I want to correct the errors and tell the truths the video avoids. In brief, God is not okay with homosexuality, accepting yourself as a “gay Mormon” will not make things better long-term, homosexuality is caused by childhood circumstances, and most importantly, homosexuality can be changed. I can only speak of these things as they relate to SSA men because that is where my experience lies.

Let me begin by addressing the causes of homosexuality. Most people who label themselves as gay believe that homosexuality is caused by genetic or biological factors. This belief became very popular in the 1990s when researchers tried to link homosexuality with genes, brain anatomy, and hormones. But this research was far from conclusive and efforts to replicate it seem to have failed.

My extensive experience has overwhelmingly confirmed to me that SSA is caused, not by genes or biology, but by early life experiences, which are reported in various combinations with almost monotonous regularity. With extremely rare exceptions, men have described childhood circumstances that create a pathway leading to a sense of incongruity with their own gender and ruptures in their bonds with other males.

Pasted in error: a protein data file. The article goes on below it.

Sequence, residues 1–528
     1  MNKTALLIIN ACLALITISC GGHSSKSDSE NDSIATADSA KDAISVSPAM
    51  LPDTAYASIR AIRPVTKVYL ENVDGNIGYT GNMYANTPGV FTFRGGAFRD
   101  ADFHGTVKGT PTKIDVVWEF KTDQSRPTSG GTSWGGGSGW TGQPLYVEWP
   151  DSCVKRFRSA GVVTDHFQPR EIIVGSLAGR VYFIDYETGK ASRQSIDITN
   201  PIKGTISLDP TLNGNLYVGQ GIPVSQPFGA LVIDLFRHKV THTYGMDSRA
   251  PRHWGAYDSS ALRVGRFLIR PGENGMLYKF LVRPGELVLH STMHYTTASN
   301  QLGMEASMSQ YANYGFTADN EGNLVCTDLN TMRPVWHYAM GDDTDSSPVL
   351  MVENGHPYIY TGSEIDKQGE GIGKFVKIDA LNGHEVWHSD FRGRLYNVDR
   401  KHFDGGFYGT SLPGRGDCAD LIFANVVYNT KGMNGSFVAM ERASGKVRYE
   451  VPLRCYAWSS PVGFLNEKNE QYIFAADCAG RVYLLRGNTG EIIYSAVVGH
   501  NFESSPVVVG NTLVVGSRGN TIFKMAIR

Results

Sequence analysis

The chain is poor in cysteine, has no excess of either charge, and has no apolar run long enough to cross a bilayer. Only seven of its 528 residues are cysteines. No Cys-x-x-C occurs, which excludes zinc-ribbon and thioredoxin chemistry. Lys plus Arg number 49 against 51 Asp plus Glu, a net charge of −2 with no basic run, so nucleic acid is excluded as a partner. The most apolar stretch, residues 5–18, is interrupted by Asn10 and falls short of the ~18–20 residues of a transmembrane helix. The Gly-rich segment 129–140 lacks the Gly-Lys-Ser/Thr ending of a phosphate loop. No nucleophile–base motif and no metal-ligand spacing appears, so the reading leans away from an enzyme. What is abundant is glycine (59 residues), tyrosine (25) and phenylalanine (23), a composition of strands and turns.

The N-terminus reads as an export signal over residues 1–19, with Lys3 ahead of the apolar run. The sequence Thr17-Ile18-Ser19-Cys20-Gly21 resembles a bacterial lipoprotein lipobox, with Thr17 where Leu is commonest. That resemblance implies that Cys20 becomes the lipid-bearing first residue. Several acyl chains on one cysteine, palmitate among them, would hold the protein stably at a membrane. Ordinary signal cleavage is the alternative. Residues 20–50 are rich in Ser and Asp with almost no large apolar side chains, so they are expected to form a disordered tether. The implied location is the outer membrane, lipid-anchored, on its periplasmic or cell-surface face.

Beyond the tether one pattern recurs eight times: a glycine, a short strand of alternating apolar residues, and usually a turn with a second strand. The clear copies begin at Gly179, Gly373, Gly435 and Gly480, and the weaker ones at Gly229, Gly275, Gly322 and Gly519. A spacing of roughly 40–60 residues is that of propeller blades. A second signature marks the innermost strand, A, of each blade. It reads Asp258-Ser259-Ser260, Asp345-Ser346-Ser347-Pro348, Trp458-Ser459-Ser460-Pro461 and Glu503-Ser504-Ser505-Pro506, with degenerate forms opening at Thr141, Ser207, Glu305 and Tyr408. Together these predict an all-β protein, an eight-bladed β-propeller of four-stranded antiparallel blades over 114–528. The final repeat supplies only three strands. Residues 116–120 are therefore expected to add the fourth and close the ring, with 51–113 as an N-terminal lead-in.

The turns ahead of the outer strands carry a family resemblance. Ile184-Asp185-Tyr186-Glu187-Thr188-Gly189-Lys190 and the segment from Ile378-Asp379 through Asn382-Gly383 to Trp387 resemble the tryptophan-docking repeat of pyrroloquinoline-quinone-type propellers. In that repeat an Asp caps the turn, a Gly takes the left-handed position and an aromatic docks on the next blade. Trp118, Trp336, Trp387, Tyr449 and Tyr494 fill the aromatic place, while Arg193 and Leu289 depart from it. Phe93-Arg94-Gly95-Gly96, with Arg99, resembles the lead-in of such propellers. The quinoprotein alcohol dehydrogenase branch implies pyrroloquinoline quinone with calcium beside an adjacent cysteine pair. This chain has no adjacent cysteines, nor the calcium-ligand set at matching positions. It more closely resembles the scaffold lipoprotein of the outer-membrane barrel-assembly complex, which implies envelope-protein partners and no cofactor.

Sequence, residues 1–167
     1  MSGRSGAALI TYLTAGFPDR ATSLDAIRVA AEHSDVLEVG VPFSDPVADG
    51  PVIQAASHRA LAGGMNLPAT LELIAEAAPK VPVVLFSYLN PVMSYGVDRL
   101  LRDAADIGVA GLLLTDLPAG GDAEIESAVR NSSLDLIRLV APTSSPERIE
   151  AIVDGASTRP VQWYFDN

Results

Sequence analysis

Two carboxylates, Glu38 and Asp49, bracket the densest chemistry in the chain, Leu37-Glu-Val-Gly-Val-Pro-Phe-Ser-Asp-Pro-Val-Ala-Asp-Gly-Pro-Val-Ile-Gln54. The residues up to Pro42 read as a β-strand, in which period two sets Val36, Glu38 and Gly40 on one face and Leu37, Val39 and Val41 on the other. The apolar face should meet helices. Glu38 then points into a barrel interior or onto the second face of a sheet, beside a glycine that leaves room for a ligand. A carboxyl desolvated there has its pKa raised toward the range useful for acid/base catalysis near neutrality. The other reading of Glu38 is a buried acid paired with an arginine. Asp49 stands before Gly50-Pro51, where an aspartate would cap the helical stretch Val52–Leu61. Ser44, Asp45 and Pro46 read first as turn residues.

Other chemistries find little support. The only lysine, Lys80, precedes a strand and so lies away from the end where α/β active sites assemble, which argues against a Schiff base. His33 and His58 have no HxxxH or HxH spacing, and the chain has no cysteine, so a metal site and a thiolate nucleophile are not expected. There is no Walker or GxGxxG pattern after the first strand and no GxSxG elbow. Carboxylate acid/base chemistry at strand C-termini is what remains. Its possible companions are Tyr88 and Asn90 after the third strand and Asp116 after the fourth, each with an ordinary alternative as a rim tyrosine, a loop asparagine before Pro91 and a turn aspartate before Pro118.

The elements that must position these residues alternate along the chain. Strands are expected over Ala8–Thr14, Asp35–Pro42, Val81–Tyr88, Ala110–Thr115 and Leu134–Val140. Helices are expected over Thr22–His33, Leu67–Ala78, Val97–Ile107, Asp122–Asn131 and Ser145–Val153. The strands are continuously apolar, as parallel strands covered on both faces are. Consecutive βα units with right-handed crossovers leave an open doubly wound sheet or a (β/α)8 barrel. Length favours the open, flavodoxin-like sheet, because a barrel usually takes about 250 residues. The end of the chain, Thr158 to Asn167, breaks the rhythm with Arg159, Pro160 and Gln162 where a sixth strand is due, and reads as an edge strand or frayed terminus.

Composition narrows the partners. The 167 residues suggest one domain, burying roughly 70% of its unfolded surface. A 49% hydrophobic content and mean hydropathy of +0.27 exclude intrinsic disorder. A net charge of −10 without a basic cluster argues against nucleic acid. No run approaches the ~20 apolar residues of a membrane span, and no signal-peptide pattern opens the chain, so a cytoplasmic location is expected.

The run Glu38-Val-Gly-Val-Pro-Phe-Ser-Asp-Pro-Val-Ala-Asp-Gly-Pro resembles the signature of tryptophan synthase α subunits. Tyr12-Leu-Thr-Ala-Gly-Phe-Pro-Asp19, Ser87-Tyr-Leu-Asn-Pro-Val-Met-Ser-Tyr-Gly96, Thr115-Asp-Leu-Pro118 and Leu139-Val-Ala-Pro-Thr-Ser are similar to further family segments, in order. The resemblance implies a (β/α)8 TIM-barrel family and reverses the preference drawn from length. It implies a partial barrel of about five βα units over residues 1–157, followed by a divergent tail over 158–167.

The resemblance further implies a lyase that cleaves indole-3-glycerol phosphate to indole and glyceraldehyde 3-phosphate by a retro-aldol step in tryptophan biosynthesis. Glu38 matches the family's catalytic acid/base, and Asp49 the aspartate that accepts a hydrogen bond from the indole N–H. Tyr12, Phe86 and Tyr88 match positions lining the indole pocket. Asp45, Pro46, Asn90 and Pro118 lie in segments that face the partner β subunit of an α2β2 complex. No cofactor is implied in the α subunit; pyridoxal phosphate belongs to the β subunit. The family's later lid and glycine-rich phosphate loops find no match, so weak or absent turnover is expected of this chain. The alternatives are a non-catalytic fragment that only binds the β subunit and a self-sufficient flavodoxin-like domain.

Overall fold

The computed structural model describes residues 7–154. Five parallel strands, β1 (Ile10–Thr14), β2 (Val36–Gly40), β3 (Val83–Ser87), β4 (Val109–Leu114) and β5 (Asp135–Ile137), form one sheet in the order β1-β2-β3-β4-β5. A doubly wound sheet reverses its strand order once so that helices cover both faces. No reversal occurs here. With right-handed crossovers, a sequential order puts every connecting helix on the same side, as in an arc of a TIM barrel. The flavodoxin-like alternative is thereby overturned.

These conditions can create tremendous internal stress and emotional turmoil for those so affected. As humans, we need to feel congruent with our own gender and we need to experience warm and satisfying friendships with others of our own sex. When this doesn’t happen, our unmet emotional needs may eventually grow into almost compulsive sexual urges.

In my own life, I struggled with both gender incongruity and lack of bonding with other males. Growing up, I felt grossly inadequate as a boy. I became detached from males due to a strained relationship with my father and bullying that began in mid-elementary school. As a result, I became extremely hungry for maleness. I was very drawn to masculine boys and their bodies. And I longed for better friendships with boys. It was these urges to connect with my own maleness and with other boys that became sexualized for me. And this is consistent with what many others have described.